“What we have behind our road closed signs is 8-, 10-foot deep trenches all the way across the highways,” he said. “You drive into one of those, and you’re going to be seriously injured or killed.”

The Bayfield County Sheriff’s Office reported one woman died Monday after she drove past road barricades and into a section of washed out road near Grand View, landing about 50 feet down from U.S. Highway 63. The victim’s name is not being released pending notification of family members.

According DOA Secretary Neitzel, one factor making the flooding so severe was that the soil in northern Wisconsin isn’t suited for absorbing the amount of rainfall seen last week.

“We have a number of small streams that have an amount of water flowing through them that you really can’t imagine,” Neitzel said. “If you look at some of the readings that the Department of Natural Resources had on their flowmeters, they showed us that one stream went from 400 cubic feet per second to over 7,000 cubic feet per second, in just a matter of minutes.”

That surging water left at least 280 homes and businesses damaged by the flooding, the bulk of which are in Ashland and Sawyer counties. Bad River Band Flood Command spokesman Dylan Jennings said at least 10 homes were destroyed on the reservation. Some tribal members have been staying at the tribe’s casino and lodge.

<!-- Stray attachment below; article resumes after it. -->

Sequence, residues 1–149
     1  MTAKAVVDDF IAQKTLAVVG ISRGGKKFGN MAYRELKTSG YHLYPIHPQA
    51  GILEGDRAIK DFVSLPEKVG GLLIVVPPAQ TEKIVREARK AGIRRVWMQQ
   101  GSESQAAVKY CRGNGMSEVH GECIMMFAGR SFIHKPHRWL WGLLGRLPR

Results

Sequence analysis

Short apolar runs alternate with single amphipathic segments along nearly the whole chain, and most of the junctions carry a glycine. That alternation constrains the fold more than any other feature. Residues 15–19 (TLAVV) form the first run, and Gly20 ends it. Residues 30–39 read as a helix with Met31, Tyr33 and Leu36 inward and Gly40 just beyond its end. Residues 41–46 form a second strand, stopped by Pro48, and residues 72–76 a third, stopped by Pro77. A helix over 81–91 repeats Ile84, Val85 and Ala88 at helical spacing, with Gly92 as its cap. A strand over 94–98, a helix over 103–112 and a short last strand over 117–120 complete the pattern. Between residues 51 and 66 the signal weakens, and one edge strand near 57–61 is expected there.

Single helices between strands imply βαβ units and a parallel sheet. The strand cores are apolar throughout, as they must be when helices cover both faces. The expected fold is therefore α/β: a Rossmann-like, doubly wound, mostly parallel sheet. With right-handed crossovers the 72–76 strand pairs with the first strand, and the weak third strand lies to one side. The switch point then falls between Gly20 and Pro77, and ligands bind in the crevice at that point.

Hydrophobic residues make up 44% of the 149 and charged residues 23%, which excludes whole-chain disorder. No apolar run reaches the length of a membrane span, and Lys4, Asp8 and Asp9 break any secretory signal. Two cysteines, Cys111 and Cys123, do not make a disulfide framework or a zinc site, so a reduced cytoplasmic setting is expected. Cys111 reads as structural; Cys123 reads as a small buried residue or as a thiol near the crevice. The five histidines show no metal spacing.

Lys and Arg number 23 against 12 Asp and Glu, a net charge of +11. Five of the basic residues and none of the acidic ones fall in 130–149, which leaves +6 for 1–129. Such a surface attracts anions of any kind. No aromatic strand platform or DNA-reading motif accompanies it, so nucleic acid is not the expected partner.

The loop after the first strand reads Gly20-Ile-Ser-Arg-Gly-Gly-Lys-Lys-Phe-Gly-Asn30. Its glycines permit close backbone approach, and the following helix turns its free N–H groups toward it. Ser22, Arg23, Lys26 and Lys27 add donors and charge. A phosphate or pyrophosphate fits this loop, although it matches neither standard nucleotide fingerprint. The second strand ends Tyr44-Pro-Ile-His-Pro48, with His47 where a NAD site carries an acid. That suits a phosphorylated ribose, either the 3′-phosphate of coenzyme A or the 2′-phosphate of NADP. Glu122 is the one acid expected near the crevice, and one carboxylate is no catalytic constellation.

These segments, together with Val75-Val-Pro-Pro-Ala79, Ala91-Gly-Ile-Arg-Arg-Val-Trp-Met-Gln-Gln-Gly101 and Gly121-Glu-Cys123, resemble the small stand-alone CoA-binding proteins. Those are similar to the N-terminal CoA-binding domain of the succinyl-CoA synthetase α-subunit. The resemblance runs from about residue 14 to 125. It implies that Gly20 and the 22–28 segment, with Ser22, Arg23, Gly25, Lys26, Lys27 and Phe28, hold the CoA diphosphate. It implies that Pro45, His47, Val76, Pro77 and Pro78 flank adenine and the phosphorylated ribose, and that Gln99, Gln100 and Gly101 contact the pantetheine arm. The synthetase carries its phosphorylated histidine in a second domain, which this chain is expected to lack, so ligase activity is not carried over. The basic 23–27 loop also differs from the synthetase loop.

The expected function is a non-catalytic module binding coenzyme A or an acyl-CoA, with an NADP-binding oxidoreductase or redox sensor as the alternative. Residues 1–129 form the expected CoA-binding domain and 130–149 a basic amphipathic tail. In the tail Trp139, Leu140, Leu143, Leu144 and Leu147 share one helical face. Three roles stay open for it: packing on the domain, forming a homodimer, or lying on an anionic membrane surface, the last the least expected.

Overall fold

“People are coming together and helping each other,” Jennings said. “Even if it’s just a hug or good thoughts and good prayers sent our way, people are really coming together and helping in that way to help restore hope for everybody, especially those ones that have lost everything.”

Jennings said it’s still unknown how the tribe’s wild rice crop is doing after the flooding. But, he noted the tribe’s subsistence culture of hunting, fishing and gathering has been affected by road closures and flood damage.

The Red Cross is providing meals to flood victims at the Bad River Community Center daily through July 22. A boil water notice remains in effect for the tribe, as well as advisories to avoid swimming in nearby waters.

In Iron County, damage exceeds $11 million after flooding ripped through Saxon Harbor’s marina and campground. A dive team will head out on Tuesday to search for two boats and two vehicles that have not yet been recovered.

Funds and hotlines are being set up in several communities to help with disaster relief in addition to donation sites for food and other necessities.

Road closures from the Wisconsin Department of Transportation:

Ashland County

  • U.S. 2 is closed east of Odanah at Kakagon River. Use local route via River Road, Old U.S. 2 and Kakagon Road. No semi-truck traffic allowed onto local detour.
  • WIS 13 corridor is closed between Mellen and WIS 112. Use WIS 77, U.S. 63, U.S. 53 and U.S. 2 as alternative route.

Bayfield County

  • U.S. 63 is closed at Twentymile Creek near Grand View, north of Drummond. Traffic detoured via County Highway N and County Highway A.

Iron County

  • WIS 122 closed north of U.S. 2 to Michigan State Line. No official detour posted.
  • WIS 169 is closed between WIS 13 and U.S. 2. No official detour posted.